Bahar, whose surname is undisclosed to protect her family, made the dangerous journey out of Afghanistan as a young teenager to escape "the same brutality we are seeing now".
She lost her father during the Russian regime of the 1980s, while her mother and three of her siblings were killed during the Taliban' s last rule.
Bahar arrived in the UK in 1997, "heartbroken" and pregnant with her first child, and eventually settled in Leeds.
More than two decades later, Bahar has watched in horror as the Taliban take control of Kabul, fearing for her surviving family and many others left behind in Afghanistan.
“I had to leave to survive," Bahar, who believes she is 38, told the Yorkshire Evening Post. "If I stayed I probably wouldn’t be alive now, or I’d be married to one of [the Taliban]."
Bahar, who founded the Bahar Women's Association, has become a voice for the Afghan community in Leeds.
She said the community is "desperate" and many people have reached out to her, sharing her fear for the safety of their families.
At least 72 people were killed and more than 150 wounded in two blasts near Kabul’s Hamid Karzai International Airport last week – where people have been gathering in their thousands to board flights away from the Taliban takeover.
Bahar added: “I became a strong fighter, but honestly, I have no energy and I don’t know if I can keep fighting. I cry every night.
“My family is in hiding, with no money and no food. I am scared for them because I’ve lost so many people from my family. I’m scared that the same thing will happen to them.
“I feel like I can’t help. And there’s no one who can help me. I don’t know what to do, and everyone is suffering.
"All of Afghanistan, everyone in my community in Leeds, they are all worried and crying, desperate to help and support their families and loved ones.”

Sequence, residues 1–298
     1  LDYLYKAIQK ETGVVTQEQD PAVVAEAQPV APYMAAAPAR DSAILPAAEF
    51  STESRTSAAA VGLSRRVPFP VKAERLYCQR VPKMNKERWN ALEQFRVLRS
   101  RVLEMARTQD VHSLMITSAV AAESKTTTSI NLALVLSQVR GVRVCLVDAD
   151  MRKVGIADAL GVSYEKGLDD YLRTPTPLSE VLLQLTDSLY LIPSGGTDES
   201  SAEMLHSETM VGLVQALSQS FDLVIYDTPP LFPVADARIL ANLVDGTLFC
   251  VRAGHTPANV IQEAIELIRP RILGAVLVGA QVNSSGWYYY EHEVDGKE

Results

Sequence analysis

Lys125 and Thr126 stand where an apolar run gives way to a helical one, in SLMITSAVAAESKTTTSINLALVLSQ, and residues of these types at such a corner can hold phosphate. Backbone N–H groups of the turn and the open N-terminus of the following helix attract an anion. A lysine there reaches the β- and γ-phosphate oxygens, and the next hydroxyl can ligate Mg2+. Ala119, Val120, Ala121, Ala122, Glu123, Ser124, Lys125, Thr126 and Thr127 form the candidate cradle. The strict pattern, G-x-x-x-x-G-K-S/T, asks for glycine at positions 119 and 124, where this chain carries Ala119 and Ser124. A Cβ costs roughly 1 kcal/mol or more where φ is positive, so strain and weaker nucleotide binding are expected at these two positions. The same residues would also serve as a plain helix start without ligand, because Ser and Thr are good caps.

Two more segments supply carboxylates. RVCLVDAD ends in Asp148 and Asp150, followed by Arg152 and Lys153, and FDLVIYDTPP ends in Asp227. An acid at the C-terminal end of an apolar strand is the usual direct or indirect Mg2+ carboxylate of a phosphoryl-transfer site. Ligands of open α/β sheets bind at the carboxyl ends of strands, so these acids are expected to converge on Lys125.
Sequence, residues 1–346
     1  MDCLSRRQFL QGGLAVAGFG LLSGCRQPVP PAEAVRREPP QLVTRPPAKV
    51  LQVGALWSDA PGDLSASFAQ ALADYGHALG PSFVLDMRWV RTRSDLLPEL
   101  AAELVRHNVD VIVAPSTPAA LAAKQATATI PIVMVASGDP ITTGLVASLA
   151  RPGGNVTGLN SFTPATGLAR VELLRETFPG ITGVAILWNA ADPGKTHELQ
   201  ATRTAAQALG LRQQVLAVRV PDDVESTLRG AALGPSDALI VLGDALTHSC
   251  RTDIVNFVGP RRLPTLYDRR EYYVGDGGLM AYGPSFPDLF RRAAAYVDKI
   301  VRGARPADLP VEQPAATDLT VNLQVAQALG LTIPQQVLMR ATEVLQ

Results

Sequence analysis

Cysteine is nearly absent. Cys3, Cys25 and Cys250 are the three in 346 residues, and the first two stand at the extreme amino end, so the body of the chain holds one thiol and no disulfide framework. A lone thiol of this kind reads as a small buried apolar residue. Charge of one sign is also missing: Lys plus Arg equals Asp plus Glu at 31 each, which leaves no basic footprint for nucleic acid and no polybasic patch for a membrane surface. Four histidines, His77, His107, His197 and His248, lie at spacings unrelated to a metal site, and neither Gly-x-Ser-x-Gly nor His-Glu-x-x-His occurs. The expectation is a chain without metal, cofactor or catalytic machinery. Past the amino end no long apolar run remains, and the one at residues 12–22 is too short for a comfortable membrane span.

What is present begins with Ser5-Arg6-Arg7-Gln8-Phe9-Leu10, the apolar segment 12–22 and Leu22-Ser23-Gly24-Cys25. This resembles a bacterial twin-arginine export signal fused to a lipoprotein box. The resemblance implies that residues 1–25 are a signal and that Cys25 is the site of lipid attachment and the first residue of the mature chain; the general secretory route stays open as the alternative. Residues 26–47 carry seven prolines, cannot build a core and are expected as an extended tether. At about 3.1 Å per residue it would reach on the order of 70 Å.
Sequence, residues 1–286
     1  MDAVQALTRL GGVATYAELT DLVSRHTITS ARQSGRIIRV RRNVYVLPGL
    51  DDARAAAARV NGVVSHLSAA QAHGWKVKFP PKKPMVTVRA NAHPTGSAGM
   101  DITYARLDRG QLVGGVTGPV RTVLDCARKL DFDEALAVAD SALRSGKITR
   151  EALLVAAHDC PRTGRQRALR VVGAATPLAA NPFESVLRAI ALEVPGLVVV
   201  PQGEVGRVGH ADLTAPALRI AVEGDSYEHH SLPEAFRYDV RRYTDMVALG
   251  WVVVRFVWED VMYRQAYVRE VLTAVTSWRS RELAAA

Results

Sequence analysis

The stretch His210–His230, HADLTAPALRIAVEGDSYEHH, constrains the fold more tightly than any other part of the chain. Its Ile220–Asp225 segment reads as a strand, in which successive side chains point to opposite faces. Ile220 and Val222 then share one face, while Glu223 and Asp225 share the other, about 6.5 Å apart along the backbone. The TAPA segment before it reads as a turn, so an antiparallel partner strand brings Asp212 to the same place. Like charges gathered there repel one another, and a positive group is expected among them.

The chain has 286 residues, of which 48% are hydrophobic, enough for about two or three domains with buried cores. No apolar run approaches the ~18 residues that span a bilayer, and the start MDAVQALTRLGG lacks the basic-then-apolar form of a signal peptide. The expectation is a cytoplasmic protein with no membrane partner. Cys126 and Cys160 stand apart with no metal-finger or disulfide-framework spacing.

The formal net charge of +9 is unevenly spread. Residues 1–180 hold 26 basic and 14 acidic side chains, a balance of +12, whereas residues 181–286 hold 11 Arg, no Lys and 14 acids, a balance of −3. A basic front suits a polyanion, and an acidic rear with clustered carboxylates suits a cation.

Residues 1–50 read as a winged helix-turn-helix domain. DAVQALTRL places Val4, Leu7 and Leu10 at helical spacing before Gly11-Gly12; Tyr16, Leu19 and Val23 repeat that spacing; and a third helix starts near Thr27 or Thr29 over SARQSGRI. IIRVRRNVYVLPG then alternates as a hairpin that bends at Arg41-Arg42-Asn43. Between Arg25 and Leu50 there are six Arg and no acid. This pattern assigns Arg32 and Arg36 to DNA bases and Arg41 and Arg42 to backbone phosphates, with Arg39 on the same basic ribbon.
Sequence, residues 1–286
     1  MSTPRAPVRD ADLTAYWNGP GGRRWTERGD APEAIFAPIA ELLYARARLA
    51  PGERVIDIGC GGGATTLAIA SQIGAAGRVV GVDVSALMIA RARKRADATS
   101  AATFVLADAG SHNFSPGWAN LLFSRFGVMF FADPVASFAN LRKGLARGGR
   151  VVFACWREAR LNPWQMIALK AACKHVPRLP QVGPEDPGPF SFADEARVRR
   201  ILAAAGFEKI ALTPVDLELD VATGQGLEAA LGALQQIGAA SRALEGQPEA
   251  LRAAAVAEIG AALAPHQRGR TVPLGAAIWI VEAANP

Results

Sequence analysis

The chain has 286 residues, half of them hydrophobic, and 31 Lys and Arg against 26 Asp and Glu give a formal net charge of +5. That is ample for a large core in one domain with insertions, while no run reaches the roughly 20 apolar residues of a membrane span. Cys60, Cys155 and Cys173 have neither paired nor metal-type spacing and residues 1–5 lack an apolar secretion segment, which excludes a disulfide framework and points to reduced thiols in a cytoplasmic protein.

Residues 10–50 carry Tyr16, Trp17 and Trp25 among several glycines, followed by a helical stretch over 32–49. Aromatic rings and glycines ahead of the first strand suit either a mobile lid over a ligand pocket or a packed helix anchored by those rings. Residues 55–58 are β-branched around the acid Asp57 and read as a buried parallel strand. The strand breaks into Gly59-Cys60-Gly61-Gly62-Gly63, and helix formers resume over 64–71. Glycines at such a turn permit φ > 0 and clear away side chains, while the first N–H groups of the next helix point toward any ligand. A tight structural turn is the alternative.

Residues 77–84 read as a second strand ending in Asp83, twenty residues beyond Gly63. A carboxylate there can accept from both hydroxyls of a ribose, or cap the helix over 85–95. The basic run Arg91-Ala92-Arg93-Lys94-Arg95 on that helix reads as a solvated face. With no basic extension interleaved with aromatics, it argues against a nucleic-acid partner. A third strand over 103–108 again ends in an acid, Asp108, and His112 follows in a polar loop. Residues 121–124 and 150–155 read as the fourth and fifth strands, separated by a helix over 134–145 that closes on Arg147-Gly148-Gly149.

The Home Office has announced that the UK is prepared to welcome 10,000 Afghan refugees during this year, and a total of 20,000 “in the long term”.
Bahar urged people in Leeds to welcome new refugees and make them feel at home, knowing better than anyone the suffering they are going through.
“It was really, really hard [when I arrived in Leeds]," Bahar said.
"Everything was strange and at the same time I was heartbroken - I’d lost my family, my country. I was still a teenager and I had pain in my chest. I was lost, I didn’t know who I was or what I was doing, or how I could go forward.
“I had no one to talk to, no one to ask why I came here and what happened to me. I was waiting for the right moment and the right person to come along and ask me one day, but there was nothing."
Determined to fight for her community and help others feel less alone, Bahar went to college and learnt English, before setting up Bahar Women's Association.
The organisation supports women and children in need and hosted a fundraiser earlier this month, cooking food to raise cash to help people in Afghanistan.
Bahar added: "I wanted to fight for girls and women because of what happened to my mother, my sister and other girls. They are all being punished for no reason, all their dreams being taken away.
"Someone needed to shout out for them."
After the unimaginable suffering Bahar had been through, she was met with hostility from some people in the city when she moved to Leeds.
And Bahar says she is not alone, with other refugees facing hate crime and Islamophobia on their doorsteps.
She has urged people in Leeds to support Afghans fleeing the country in any way they can; being advocates, writing letters to MPs, volunteering with refugee organisations or just providing a listening ear.
“Please welcome them and make them feel free, make them feel at home," Bahar said.
"Anything that you can do, as a responsible human, please do not hesitate. Where else can we escape to?
“When we go outside - there’s hate crime, there’s Islamophobia, there’s other racist words. There is positive and negative, and I don’t want to say it is everybody. I have lovely, supportive friends who are from British and Asian communities.
“But it’s still not enough. We need to respect asylum seekers for humanity, they’ve been through so much. In Afghanistan, people can’t go out, they don’t know if they will be alive next month.
“I hope our country, our city, will welcome refugees. Because I understand more than everyone what pain they are going through."